This differs from the definition of insolvency for a company under the French Insolvency Law no. 85-98 of January 25 1985 as amended which provides that a company is insolvent "if it cannot meet its liabilities as they fall due with its available assets". It is felt that the new definition of insolvency for a credit institution more accurately reflects the financial position of credit institutions.


The Law of June 1999 reforms the status of SCFs. These are credit institutions approved as finance companies by the French Committee of comité des établissements de crédit et des entreprises d'investissement, whose exclusive purpose is:

  • to grant or acquire guaranteed loans, loans to government bodies and bonds and securities mentioned in Article 94 of the Law of June 1999; and
  • to issue bonds (obligations foncières) (OFs) to finance those categories of loans or bonds and securities which benefit from the privilege defined in Article 98 of the Law of June 1999 and to raise other resources, the issue or subscription contract of which makes reference to this privilege.

SCFs are subject to the supervision of the FBC. In addition, a special controller is appointed by the SCF, with the approval of the Commission for four years to ensure compliance by the SCF with the special provisions deriving from its status.

SCFs may hold eligible assets as defined by the Law of June 1999. These eligible assets are, inter alia, mortgage loans secured on a property located in the European economic zone, secured (by a caution) housing loans, loans to certain public entities and senior units issued by securitization vehicles such as the French FCC (Fonds Communs de Créances).

One of the main components of the protection of privileged creditors of SCFs is the rule set out in Article 96 of the Law of June 1999 whereby its assets should at all times exceed privileged liabilities. SCFs must declare details of the computation of the privileged liabilities coverage ratio, which should be at all times (unless temporary dispensation is granted by the Commission) in excess of 100% as between their risk-weighted assets and the total amount of their liabilities having the benefit of the privilege mentioned above. This coverage ratio must be declared to the FCB twice a year (in June and December). In addition, the special controller must certify compliance with the ratio upon each issue of privileged resources in excess of euro 500 million, or otherwise on a quarterly basis.

In order to finance the eligible assets, SCFs may issue OFs, which benefit from the privilege mentioned by Article 98 of the Law of June 1999, raise other resources, the issue or subscription contract of which refers to the privilege, and contract loans or raise funds which will not benefit from the privilege.

The privilege is a statutory privilege within the meaning of Article 2095 of the French Civil Code, ie "a right which the quality of the claim affords to a creditor to be preferred to other creditors, including creditors enjoying the benefit of a mortgage."

The general mechanism of the privilege, which applies before or after insolvency, is that certain assets of the SCF are allocated on a priority basis to the payment of the privileged liabilities, irrespective of whether any insolvency event or voluntary arrangement in relation to the SCF has occurred.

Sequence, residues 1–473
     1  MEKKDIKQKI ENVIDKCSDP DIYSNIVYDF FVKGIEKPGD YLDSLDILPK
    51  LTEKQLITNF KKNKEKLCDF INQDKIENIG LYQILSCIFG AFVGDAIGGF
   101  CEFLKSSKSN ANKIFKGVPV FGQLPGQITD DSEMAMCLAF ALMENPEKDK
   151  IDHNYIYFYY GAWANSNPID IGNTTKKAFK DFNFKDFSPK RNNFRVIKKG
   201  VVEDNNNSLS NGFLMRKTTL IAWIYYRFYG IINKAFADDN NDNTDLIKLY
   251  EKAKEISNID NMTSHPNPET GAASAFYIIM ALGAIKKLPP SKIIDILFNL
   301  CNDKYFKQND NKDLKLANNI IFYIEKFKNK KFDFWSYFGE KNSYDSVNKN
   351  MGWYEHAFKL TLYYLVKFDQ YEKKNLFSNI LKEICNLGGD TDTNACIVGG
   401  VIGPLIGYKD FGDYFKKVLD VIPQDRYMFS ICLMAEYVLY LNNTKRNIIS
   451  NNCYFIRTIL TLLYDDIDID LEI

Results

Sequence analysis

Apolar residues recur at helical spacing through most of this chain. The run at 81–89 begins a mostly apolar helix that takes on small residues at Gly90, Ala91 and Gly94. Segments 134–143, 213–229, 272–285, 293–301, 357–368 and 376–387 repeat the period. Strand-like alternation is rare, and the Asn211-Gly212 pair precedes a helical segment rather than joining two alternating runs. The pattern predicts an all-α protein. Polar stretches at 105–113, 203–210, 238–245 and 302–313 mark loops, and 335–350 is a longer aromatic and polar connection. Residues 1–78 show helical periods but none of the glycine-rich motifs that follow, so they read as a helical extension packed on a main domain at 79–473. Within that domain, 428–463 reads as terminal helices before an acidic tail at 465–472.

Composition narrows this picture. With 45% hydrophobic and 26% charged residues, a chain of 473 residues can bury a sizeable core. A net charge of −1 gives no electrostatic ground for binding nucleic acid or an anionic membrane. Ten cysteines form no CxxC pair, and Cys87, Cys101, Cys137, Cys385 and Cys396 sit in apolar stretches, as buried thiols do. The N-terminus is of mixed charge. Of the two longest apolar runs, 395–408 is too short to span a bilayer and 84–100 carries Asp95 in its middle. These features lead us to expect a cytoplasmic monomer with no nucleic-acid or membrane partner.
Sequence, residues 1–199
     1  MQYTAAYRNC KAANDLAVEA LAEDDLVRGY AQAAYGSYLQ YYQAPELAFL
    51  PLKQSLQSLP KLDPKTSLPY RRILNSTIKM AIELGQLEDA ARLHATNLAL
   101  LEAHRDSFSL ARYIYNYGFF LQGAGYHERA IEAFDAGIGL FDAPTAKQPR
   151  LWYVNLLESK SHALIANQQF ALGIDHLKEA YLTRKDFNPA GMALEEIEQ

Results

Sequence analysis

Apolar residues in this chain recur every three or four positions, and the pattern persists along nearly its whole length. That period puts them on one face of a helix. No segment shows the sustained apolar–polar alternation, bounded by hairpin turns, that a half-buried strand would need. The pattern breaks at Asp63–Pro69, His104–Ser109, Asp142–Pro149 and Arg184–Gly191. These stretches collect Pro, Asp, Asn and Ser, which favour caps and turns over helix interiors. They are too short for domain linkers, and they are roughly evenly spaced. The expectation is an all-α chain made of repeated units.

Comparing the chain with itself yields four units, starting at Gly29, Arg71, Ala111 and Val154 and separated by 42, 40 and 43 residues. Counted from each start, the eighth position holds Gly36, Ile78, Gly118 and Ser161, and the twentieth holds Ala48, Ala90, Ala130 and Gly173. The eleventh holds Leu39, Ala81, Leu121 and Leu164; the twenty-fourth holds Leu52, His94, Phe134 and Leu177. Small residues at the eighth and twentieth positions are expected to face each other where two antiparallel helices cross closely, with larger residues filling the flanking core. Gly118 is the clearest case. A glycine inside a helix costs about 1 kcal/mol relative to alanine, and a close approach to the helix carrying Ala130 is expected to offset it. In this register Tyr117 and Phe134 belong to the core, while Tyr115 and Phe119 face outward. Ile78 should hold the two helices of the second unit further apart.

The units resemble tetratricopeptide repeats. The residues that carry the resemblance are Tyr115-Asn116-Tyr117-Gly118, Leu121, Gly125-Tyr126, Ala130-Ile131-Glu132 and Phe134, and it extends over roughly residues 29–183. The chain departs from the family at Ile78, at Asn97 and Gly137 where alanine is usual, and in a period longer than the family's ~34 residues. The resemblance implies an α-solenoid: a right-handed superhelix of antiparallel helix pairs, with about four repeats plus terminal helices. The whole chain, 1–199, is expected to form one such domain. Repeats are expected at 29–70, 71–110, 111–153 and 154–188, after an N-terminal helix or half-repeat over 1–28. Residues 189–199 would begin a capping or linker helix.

Such assets are listed in Article 98 of the Law of June 1999, as including all sums from: (i) loans, bonds and securities mentioned by Article 94 of the Law of June 1999; (ii) forward financial instruments mentioned by Article 95 of the Law of June 1999; and (iii) claims resulting from deposits made by the SCF with a credit institution. The privileged liabilities are listed in Articles 93 and 95.

Insolvency proceedings against an SCF can be initiated by a creditor provided the SCF is insolvent, ie it is unable to pay its privileged liabilities on their due date, and following an advice from the FCB (which advice must also be given in the case of insolvency proceedings against any credit institution).

In case of the insolvency or voluntary arrangement of an SCF, the Law of June 1999 provides that privileged liabilities are paid on their due date in priority to all other creditors, even if such creditors benefit from security interests. No enforcement may be effected by a non-privileged creditor until complete satisfaction of the privileged liabilities.

The judicial liquidation of an SCF does not result in the acceleration of the privileged liabilities before their due date.


Law no. 99-587 of July 12 1999 introduced certain provisions liberalizing the use of the société par actions simplifiée (SAS). These provisions allow a single shareholder, whether a legal entity or an individual, to set up an SAS and have reduced the amount of share capital required by a shareholder which is a société anonyme (SA) from Ffr 1.5 million ($218,000) to Ffr 250,000 (only half of which needs to be paid on incorporation with the balance being due within five years of incorporation). These provisions provided additional flexibility for the SAS which was introduced in France in 1994 and whose structure and rules, governing both management and the decision-making process, are simplified in comparison with those required in a société anonyme (SA) or a société à responsabilité limitée (SARL), the two most often used types of French companies.


Law no. 2000-230 of March 13 2000 relating to the adaptation of the rules of evidence to information technologies and to electronic signature has modified the French Civil Code regarding evidence in writing. Article 1316 of the French Civil Code has indeed been amended to permit communication made by electronic means and, more importantly, electronic signatures to be admissible in evidence subject to certain conditions related to the identification of the sender. The details for the implementation of the Law of March 13 2000 will be provided in a decree.


An important bill relating to new economic regulations (loi sur le Nouvelle Regulations Economiques) is presently being discussed before the French parliament. This bill comprises three important aspects, a compulsory notification of concentrations, as well as a reform of the procedure before the French Competition Council; a reinforcement of the rights of the workers council (comité d'entreprise) in takeovers; and a simplification of the rules applicable to French companies (eg the possibility to hold meetings by telephone or video conference).